Spotlight on … Clayton Gore (Pulchra Morte).

*When did you really get involved into music in general and into metal specific? Who was responsable for your interest in (metal) music?

Growing up, I had older siblings that were very into music and constantly playing records, so I was exposed to music at a very young age. Also, my older brother was playing drums in a band so I was specifically exposed to drums very early as well. It wasn’t until the early ‘80s that I first heard some heavy metal, and it spoke to me much more deeply. That began my search for more, better, deeper, etc. Once I started playing drums – about when I was 12 – the skill involved in playing faster was the lure dragging me, most willingly, further.

*Which artists or bands did influence you the most?

Well, early on, I think the first drummer whose name I made sure to learn was John Bonham. After hearing ‘Led Zeppelin II’, I was inspired. Then 1984 hit, and that was an insane year for releases – Celtic Frost’s “Morbid Tales”, Mercyful Fate’s “Don’t Break The Oath”, Iron Maiden’s “Powerslave”, Metallica’s “Ride The Lightning”, Bathory’s self-titled, etc. – and that foundation informed my musical tastes the rest of my life.

*Which instrument do you play and how and when did you learn to play? Did you had lessons in school or private lessons? If so, was that because your parents expected that from you? Or did you learn to play the instruments by yourself? Do yo still follow some lessons?

As I said, I was exposed to drums at a very early age – probably 3 years old – but didn’t really start playing until I was 12. Before that, I took 4 years of piano lessons, which was my mom’s idea. I enjoyed it, and am grateful that I can read music because of that, but it just wasn’t grabbing me. Once I started playing drums, I did take lessons for a couple years, just so I had a good foundation and fundamental understanding of the mechanics, before I kept pushing on my own. I do currently follow some drumming channels that provide good discussion on techniques, chops, etc. Always learning.

*Do you follow other or are you intrested in other styles of music beside metal? If so, what is the music you prefer to listen to?

I listen to a huge variety of music, always have. Other than metal, I probably listen to hard or progressive rock the most, followed closely by electronic and dark ambient or soundtracks/scores.

*Is music a full time job for you now or do you have a job beside music? If so, what kind of job are you doing? If you would be really succesful with music, would you quit your other job?

Haha, no. Music has never proven financially successful for me. This year has been an interesting blip on my career, as I’ve spent the entirety of it laid off, but I am in information security. Would I quit my job if I started making equivalent money in music? For sure. I’d much rather spend my day doing what I want, being productive in ways of my choosing, although I’m sure I’d still keep my hands in infosec. It’s always been interesting to me.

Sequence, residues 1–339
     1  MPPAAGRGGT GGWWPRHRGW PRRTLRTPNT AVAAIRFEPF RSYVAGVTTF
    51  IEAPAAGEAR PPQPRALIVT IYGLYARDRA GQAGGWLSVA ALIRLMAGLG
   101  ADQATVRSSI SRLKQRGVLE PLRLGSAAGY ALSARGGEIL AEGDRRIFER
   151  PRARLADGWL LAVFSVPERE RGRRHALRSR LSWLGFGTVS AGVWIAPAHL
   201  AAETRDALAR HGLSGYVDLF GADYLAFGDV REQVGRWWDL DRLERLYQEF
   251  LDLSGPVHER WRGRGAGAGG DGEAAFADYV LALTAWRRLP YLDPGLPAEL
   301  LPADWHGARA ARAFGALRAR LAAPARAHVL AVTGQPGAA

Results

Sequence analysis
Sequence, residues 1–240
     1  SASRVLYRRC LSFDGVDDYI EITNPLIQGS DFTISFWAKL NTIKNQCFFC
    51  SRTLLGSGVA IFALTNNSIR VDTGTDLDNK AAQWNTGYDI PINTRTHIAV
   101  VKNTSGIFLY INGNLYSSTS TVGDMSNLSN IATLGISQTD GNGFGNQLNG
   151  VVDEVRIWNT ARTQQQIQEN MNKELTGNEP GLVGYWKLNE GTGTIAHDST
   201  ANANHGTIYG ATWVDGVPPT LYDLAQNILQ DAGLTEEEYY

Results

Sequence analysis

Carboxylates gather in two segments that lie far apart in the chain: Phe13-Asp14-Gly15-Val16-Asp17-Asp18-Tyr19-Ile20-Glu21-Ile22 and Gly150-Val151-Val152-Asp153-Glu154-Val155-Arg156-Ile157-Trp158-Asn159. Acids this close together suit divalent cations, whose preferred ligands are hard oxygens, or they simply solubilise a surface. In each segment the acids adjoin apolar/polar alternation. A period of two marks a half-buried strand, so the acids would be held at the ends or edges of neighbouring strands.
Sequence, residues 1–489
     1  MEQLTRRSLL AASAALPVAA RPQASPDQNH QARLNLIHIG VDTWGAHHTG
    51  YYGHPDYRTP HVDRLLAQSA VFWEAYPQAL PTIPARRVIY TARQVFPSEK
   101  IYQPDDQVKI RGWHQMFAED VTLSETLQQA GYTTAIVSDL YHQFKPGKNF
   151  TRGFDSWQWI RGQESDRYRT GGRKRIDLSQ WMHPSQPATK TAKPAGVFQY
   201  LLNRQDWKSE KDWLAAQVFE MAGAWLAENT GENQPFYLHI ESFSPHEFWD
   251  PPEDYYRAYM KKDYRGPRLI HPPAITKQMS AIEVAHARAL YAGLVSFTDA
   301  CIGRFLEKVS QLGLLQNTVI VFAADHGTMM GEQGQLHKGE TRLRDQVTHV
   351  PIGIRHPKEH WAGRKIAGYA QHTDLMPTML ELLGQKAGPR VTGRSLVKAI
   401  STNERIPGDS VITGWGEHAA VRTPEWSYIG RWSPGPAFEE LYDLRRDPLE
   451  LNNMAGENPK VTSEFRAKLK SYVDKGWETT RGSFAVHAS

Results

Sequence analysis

*If you could start a band with other musicians on other instruments, which artist would you pick for wich instrument and why? (Something Like an “All Stars Band”.) Would you still go for a doom / death metal metal band? Or would you do something completely different?

So many talented people out there. If we’re talking hypotheticals, and living or dead doesn’t matter, I’d love to get Frank Zappa, Neil Peart, Randy Rhodes, John Entwistle, and Andy Summers in a room and get out of their way.

*If you had been banned to an uninhabited island and you may pick 5 albums to listen to, wich albums would you choose and why?

The answer to this question changes all the time. So many albums speak to me for entirely different reasons, depending on the mood I want to enhance. At the moment, here are five: QOTSA – ‘Songs For The Deaf’, PJ Harvey – ‘To Bring You My Love’, Killing Joke – ‘Killing Joke’ (2003), Alan Parsons Project – ‘Tales Of Mystery & Imagination’, NIN – ‘The Fragile’.

*Every new album (or ep) of a band or an artist is the best one, that’s what they always say. So here is a chance to promote the album. Why should a music lover buy your album? What are the standout tracks for you on this new album and why?

It’s tough to be objective about something you’ve spent two years crafting, and countless hours deep in the weeds with, but I’ll say this: We always endeavor to create “songs” rather than “riffs”. Mood and feeling mean more to me than pure technicality. We created an album that we would love to listen to, as fans of metal music, and something that we just don’t hear other bands doing these days. My favorite tracks change frequently, but ‘The Archer & The Noose’ always sends chills down my spine, and ‘In The Mourning Light’ has many layers beyond first listen, for me.

See “CD-Review” for a review (written in Dutch) for the new Pulchra Morte album ‘Ex Rosa Ceremonia’ (Transcending Records) –

*I suppose you will promote this album through live concerts (when of course everyting is getting back to “normal” after the Covid 19 disaster). If so, would you prefer small clubs or big festivals? And is there a chance we can see Pulchra Morte in Belgium?

Yeah, we are really itching to play! We’d love to come to Belgium – make it happen! There are positives to both fests and clubs. I really enjoy the intimacy of clubs, being close to the fans and feeling like you are really feeding off of each other to create an event. But there is also something very powerful about thousands of people all focused on and enjoying the music together. We are ready to bring Pulchra Morte to you all-in whatever way we can, as soon as we can!